Ultrasound determination of total arterial wall thickness

T. C. Hodges, P. R. Detmer, David L Dawson, R. O. Bergelin, K. W. Beach, T. S. Hatsukami, B. K. Zierler, J. A. Isaacson, D. E. Strandness

Research output: Contribution to journalArticlepeer-review

21 Scopus citations


Purpose: Ultrasonic measurement techniques for determining intima-media thickness and total arterial wall thickness have been described. The intima- media thickness measurements are currently in use in large epidemiologic trials. Intima-media thickness does not evaluate extramedial atherosclerotic change and so may not fully reflect pathologic changes in the arterial wall. Methods: After we performed variability studies of B-mode image acquisition and measurement, we measured total wall thickness and intima-media thickness of the common carotid arteries in 60 adult subjects in three groups: a control group aged 20 to 29 years, a control group aged 60 to 79 years, and a claudication group aged 60 to 79 years. Measurements were made with B-mode ultrasound images. Results: No statistical difference between sexes was noted. A statistically significant (p ≤ 0.05) increase in intima-media thickness and wall thickness was found with increasing age, and an additional increase was observed with clinically significant lower extremity arterial occlusive disease (p ≤ 0.05). Image quality had an effect on measurement accuracy. Conclusions: The finding that the wall thickness of common carotid arteries is increased in those patients with clinically significant lower extremity disease supports the theory that atherosclerosis affects the arterial wall in a systemic fashion. Because intima-media thickness also increases across subject groups without change in its proportional contribution to the total arterial wall thickness, extramedial arterial changes also occur with aging and the development of atherosclerosis. We propose that because increases in wall thickness measurements of common carotid arteries follow intima-media thickness increases (but do not necessarily measure the same physiologic change) and the wall thickness method can be used in cases when the intima-media thickness cannot be measured, arterial wall thickness measurement may serve as an alternate or confirmatory test of peripheral artery atherosclerotic severity.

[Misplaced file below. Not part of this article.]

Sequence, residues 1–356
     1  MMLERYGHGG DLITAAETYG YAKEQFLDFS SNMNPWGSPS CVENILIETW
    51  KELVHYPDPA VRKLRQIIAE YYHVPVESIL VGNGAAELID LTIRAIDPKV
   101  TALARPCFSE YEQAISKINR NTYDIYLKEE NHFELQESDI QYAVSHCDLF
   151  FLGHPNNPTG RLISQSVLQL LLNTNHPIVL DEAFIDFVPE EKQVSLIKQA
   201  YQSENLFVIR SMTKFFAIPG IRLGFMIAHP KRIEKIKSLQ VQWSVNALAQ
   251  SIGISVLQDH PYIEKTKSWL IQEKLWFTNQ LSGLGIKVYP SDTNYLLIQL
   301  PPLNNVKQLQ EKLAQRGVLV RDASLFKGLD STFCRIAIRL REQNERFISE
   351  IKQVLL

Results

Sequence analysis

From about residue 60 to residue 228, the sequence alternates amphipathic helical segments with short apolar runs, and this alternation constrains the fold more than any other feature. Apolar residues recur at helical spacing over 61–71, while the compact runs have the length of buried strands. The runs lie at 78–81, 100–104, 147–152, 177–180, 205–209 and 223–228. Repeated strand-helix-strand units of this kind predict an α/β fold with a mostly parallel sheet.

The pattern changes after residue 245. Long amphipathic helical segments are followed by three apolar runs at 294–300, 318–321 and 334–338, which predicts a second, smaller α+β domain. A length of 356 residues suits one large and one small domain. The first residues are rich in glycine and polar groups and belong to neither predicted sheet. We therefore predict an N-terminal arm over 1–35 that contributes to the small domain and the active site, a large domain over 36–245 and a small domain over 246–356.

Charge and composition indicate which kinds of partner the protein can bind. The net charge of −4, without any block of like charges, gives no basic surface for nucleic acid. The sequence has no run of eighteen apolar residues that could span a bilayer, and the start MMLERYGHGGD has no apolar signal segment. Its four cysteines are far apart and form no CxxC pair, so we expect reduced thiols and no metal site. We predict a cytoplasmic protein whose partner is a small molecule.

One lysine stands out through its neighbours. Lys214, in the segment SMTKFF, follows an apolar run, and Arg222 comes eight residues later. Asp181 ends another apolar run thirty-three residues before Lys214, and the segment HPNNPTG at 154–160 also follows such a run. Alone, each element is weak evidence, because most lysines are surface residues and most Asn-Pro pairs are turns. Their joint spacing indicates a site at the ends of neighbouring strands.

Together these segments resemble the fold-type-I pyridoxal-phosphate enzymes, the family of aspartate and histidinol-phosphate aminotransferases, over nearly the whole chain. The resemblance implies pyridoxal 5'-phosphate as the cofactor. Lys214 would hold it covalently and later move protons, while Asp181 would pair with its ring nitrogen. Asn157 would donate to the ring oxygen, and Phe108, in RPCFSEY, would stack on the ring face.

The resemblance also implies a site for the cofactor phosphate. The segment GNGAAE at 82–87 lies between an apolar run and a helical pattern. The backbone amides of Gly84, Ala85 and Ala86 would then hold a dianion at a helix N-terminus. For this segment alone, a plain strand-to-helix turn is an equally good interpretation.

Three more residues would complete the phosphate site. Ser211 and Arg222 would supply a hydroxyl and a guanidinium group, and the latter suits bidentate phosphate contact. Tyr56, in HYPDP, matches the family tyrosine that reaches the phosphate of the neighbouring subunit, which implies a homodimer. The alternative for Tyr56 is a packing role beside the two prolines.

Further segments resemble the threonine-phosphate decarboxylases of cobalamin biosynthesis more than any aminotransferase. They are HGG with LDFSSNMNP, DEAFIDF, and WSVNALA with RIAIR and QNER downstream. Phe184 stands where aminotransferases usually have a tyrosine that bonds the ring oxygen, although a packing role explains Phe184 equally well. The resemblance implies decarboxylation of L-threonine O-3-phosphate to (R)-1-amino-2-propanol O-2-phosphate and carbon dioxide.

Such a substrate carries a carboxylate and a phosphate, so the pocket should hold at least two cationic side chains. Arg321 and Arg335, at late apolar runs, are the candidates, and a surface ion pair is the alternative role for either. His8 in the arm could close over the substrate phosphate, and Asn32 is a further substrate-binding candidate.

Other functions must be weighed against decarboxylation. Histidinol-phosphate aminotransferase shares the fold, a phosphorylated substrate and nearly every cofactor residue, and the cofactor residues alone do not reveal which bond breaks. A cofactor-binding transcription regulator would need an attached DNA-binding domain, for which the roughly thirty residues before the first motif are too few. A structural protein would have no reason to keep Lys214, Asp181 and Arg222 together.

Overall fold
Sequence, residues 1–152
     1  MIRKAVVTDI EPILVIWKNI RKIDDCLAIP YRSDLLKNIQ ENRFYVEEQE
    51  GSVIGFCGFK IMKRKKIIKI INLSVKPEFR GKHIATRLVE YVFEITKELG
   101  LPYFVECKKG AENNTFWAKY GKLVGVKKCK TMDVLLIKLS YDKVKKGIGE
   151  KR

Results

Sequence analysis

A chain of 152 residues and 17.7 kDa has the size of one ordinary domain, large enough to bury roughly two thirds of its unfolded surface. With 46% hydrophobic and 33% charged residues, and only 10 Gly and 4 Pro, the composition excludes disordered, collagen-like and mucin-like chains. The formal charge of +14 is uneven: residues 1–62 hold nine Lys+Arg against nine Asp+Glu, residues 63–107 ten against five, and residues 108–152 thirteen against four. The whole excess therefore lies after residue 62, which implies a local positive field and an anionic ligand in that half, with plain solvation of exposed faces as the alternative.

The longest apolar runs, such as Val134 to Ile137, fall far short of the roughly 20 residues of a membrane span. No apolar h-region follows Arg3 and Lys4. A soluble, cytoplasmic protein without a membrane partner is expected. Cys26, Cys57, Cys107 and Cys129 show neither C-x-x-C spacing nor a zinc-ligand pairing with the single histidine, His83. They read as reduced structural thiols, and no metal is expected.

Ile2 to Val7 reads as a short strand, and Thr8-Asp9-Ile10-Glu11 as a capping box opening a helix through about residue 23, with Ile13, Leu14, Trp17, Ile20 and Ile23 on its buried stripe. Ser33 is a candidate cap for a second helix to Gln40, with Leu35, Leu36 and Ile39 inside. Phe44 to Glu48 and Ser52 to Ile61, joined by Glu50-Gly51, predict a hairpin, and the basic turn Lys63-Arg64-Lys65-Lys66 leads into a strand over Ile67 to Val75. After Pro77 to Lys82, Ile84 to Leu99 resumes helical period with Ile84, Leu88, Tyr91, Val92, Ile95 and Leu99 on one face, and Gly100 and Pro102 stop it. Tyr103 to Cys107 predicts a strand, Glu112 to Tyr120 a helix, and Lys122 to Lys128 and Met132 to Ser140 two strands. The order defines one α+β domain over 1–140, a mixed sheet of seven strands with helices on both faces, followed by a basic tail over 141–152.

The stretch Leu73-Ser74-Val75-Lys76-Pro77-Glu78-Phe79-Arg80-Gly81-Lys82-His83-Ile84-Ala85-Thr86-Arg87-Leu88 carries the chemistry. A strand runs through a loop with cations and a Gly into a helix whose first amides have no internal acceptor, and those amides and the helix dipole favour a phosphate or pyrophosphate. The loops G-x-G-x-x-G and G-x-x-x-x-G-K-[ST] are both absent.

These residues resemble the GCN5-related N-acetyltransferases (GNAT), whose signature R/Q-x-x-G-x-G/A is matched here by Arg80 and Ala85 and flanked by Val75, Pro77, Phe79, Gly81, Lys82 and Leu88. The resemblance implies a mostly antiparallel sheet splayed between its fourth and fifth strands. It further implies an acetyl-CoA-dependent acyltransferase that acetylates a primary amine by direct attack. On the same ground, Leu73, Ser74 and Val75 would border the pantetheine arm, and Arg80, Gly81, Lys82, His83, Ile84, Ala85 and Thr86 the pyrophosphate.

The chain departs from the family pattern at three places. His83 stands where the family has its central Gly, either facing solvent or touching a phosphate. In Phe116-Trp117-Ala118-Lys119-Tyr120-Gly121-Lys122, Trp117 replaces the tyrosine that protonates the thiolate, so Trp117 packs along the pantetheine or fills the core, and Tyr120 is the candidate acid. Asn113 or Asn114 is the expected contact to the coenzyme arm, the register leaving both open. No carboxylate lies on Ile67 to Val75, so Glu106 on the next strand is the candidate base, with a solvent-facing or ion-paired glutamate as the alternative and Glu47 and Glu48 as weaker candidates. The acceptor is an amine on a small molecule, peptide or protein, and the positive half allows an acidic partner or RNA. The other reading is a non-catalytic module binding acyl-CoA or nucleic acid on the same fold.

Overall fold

Original languageEnglish (US)
Pages (from-to)745-753
Number of pages9
JournalJournal of Vascular Surgery
Issue number4
StatePublished - 1994
Externally publishedYes

ASJC Scopus subject areas

  • Cardiology and Cardiovascular Medicine
  • Surgery


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